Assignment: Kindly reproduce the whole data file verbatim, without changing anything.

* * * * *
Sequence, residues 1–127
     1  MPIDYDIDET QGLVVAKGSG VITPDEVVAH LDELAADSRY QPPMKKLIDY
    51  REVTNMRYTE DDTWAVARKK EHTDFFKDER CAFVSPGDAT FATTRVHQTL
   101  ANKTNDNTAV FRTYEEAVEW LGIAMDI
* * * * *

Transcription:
Sequence, residues 1–127
     1  MPIDYDIDET QGLVVAKGSG VITPDEVVAH LDELAADSRY QPPMKKLIDY
    51  REVTNMRYTE DDTWAVARKK EHTDFFKDER CAFVSPGDAT FATTRVHQTL
   101  ANKTNDNTAV FRTYEEAVEW LGIAMDI